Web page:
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Old 21st September 2007, 19:09   #31
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Combination of both.

On very tight situation or getting behind the wheels for the first time on a different model car, hand brakes helps better. If I need to stop for longer duration (say more than 20 secs), no choice, only handbrakes
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Old 21st September 2007, 19:48   #32
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Yup, me too.....i use both depending on the difficulty and the distance between me and the guy behind me! I use the handbrake when its a difficult slope and bumper to bumper traffic and 'paddling' otherwise...

Dunno which is better. As long as you 'paddle' without half clutching too much i guess its ok.....

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Old 21st September 2007, 20:40   #33
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Using hand brakes are the best while climbing a slope..But if ur car dont have one?, then paddling will be the best. This is what i do while stopping infront of a traffic signal on slope in my jeep,
I used to put the main brakes first with my right leg, then while moving it i'll press the clutch,put the first gear and will release the brakes with half clutch.It needs a little skill to move it without the jeep goin back..
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Old 21st September 2007, 20:53   #34
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Half clutching will send your clutch to it's maker very fast.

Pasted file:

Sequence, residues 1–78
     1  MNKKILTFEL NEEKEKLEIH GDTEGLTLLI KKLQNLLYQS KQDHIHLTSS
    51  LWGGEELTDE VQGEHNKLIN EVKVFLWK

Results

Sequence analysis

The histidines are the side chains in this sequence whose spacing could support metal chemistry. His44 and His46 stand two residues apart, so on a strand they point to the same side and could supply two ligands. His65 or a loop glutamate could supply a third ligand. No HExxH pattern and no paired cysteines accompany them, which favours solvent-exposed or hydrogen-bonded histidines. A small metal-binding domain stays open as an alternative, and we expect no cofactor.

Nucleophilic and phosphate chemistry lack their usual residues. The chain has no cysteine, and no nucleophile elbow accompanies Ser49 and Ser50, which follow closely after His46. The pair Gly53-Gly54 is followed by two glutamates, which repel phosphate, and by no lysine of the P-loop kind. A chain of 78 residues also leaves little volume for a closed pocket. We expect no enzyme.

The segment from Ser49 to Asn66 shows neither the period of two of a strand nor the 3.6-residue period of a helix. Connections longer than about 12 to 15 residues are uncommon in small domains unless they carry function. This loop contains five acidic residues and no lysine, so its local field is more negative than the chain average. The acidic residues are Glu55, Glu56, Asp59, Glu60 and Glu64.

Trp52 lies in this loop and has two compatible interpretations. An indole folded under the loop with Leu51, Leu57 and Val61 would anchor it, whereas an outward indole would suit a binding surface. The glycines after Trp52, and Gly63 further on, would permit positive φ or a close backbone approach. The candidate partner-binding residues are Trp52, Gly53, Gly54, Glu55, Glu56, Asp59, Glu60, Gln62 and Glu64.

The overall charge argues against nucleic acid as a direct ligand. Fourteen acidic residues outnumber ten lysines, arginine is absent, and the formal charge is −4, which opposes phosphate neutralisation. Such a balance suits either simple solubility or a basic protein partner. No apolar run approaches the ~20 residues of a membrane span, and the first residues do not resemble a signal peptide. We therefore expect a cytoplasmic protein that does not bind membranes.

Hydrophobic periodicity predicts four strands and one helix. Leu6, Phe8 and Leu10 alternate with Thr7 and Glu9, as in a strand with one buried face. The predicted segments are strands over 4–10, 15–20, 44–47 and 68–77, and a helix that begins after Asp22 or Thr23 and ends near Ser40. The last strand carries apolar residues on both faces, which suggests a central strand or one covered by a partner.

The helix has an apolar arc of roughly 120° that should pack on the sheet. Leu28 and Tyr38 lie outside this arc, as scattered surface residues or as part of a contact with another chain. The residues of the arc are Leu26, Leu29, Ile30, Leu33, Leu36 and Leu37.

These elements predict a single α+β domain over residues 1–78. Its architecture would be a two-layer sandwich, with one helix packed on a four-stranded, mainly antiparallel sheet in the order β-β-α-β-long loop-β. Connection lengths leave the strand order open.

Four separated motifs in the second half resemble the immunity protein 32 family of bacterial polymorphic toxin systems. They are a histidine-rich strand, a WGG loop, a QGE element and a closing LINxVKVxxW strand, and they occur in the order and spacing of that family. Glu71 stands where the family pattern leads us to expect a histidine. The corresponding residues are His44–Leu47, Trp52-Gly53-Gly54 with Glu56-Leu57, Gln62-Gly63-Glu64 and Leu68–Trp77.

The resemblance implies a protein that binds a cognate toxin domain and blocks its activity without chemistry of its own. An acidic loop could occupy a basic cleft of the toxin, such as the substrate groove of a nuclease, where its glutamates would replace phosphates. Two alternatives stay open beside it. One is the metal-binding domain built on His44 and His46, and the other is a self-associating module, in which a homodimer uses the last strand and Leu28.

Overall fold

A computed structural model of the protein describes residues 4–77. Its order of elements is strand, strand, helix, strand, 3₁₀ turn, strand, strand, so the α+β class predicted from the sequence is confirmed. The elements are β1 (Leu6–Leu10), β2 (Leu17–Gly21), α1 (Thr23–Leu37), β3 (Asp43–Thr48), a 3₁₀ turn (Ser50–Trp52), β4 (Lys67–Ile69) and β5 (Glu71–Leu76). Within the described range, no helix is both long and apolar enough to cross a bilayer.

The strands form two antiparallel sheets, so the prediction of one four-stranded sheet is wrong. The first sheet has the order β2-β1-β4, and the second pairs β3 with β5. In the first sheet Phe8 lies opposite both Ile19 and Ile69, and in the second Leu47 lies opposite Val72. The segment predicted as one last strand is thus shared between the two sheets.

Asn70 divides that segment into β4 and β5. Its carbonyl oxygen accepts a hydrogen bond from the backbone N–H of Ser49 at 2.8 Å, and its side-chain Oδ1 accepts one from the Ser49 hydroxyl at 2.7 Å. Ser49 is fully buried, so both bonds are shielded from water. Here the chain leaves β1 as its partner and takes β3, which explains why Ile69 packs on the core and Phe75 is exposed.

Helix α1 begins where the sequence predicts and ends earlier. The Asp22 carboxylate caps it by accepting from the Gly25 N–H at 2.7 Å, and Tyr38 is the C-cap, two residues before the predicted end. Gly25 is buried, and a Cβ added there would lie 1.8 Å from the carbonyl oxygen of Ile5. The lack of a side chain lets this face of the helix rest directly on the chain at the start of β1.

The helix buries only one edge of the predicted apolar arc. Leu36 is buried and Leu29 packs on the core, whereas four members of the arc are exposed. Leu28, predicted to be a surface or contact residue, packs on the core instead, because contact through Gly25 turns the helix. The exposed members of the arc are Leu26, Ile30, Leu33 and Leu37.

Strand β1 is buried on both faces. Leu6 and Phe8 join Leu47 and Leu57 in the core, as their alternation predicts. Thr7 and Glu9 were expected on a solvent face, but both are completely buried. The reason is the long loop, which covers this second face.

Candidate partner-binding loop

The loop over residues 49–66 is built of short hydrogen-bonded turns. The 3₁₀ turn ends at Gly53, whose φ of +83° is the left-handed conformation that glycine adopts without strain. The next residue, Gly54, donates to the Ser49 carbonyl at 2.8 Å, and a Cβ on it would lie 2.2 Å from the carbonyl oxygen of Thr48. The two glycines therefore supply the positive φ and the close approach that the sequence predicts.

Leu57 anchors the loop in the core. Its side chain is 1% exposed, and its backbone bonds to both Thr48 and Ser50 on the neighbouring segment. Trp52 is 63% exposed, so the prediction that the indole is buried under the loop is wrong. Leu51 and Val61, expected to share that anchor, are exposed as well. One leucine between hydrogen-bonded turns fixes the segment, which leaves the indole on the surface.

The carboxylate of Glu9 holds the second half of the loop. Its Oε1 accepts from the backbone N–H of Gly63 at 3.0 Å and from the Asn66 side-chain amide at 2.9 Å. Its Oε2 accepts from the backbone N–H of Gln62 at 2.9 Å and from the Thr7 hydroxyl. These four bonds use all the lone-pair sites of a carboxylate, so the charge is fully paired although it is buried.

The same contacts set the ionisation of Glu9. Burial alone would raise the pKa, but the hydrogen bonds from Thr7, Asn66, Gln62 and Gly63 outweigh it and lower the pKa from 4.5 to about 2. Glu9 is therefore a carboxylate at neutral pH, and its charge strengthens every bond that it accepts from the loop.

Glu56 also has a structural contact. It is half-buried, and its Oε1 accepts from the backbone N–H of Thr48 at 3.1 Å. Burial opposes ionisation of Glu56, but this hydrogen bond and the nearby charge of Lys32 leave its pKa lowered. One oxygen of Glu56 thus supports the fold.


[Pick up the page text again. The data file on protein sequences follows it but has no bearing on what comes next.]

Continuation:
So please be prudent in using any technique of this kind.
Though there are times when there is no other option.
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Old 22nd September 2007, 10:26   #35
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Padlding is harmful to clutch, brakes and the engine in that order. All modern cars are equipped with good handbrakes. Handbrakes should be used to negotiate uphill driving conditions..
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Old 24th September 2007, 10:07   #36
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Quote:
Originally Posted by cutdcrap View Post
Here is what I do: Apply the handbrake, then put the car in gear and rev a bit. When I feel a slight push indicating that the car would not slide backwards, I release the handbrake and carry on.
I will explore this option. Never tried it. One question here : Will the clutch be released FULLY when you engage the gear or wat ?

By the way, Can anyone tell me the approx rpm that the SWIFT P has to be rev to get the necessary momemtum ?
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Old 24th September 2007, 12:00   #37
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I use both the techniques depending upon the road slope and the driving conditions. If I am stopping for more than a minute i switch off and use the hand brake otherwise its just the usual foot brake and then pick up from there. I resort to half clutch only if the road is slushy or if there is snow as I feel the half clutch lets you inch up without too much wheel slippage.
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Old 24th September 2007, 12:23   #38
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Combination of both.

I deepends on the time.. for how long u need to wait.. If I need to stop for longer duration (say more than 15-20 secs), no choice, only handbrakes. If not paddling idea looks better and works easy for me..
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Old 24th September 2007, 12:53   #39
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If I have to stop for long hand brake/ switch off engine slot in 1st gear. to move forward first go to neutral start engine, press brake release hand brake slot into 1 paddle fast. Never used half clutch. If for short period, then stop, to move paddle no half clutch.
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Old 24th September 2007, 16:12   #40
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I started learning driving in hilly region. One of the first thing one learns to master is controlling clutch, brakes & gas pedals. In time, stop & go in slopes becomes as easy as stop & go in plain. One of the reason I don't use handbrakes is because, I usually had to turn cars in tight confinement in slopes. Eventually it becomes a habit.